Three-thousand miles apart, yet bonded by several underlying similarities, a new exhibition at the POLIN museum seeks to explore the entwining commonalities between Gdynia and Tel Aviv.
Rippling blue seas, pristine white buildings, stretching sands and clear, sunny skies. This is the Gdynia and Tel Aviv that the exhibition celebrates, two cities founded on an idealistic dream in the early decades of the 20th century.
Christened in 1919, Gdynia was intended as “Poland’s gate unto the world”, a modern seaport designed that represented the dreams and aspirations of the newly independent Polish state. Tel Aviv, founded a decade earlier, was to be the “first Hebrew city”, and an entrance gate for the thousands of new arrivals eager to play their role in the creation of the future Jewish state.
These representative functions, says the exhibition’s curator, combined with beginning of the new century to provide a unique opportunity to realize a series of ambitious design plans.
As such, renowned architects – many of Jewish heritage – were invited to participate in the construction of both cities, promoting a modernist style that reflected the era.
“Through extensive bright windows of a 20th-century home one can spot the white cities of tomorrow,” commentators enthused.
But what was ordinary life like in these so-called ‘white cities’. The Gdynia-Tel Aviv exhibition addresses this through its rich assembly of archival photographs, not to mention a number of propaganda posters promoting both as tourist destinations.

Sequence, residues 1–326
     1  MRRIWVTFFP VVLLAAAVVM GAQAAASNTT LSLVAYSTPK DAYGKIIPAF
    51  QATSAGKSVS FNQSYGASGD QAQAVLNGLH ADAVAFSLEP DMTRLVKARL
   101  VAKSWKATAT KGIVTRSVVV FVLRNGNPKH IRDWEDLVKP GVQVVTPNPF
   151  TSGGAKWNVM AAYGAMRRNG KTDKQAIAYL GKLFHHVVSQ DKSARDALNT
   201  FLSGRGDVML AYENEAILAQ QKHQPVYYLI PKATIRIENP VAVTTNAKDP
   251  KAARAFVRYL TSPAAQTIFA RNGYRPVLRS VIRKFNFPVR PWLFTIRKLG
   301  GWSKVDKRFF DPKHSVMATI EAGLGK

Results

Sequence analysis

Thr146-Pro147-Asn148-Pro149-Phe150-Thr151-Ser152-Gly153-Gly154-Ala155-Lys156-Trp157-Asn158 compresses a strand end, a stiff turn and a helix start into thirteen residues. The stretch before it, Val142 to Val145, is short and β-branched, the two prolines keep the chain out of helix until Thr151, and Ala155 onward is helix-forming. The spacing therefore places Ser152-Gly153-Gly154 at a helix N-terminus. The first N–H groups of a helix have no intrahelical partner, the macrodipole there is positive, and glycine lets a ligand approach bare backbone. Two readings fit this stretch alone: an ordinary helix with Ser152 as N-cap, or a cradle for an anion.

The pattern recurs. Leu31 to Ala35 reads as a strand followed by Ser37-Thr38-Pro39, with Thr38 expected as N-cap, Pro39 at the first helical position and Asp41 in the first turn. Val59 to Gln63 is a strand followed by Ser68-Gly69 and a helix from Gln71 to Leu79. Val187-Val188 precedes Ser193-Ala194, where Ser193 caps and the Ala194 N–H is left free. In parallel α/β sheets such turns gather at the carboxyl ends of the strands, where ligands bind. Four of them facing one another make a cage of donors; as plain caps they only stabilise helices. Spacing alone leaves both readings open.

However, common strands went beyond architecture and ideology. Connecting the cities was the Gdynia-America Shipping Line, with the MS Piłsudski the most famous vessel from this fleet. Serving an almost ambassadorial role for Poland, details on the ocean liner were designed by some of the most eminent Polish artists of the day: from the cabins and salons to the menus and tableware. All can be viewed at the exhibition.
Beyond this, the cities attracted and inspired artists from both countries, and the exposition includes many of these original artworks: some from Polish collections, others shipped from Israel especially for the occasion.
Of these, works by Nahum Gutman, Reuven Rubin and Ludwig Blum are displayed along with contemporary works by the likes of Maria Kiesner and Maurycy Gomulicki. Also bridging the past with the present is photographer Wojciech Wilczyk, whose pictorial essay on the modernist architecture of these two cities looks set to be welcome with blanket applause.
Purposefully coinciding with the centenary of Gdynia’s foundation and the 110th anniversary of Tel Aviv, the exhibition promises to be one of the most memorable ever to be held at this award-winning museum.
Ongoing from 13 September 2019 until 3 February 202 (tickets zł. 15 / 10)
ul. Anielewicza 6, polin.pl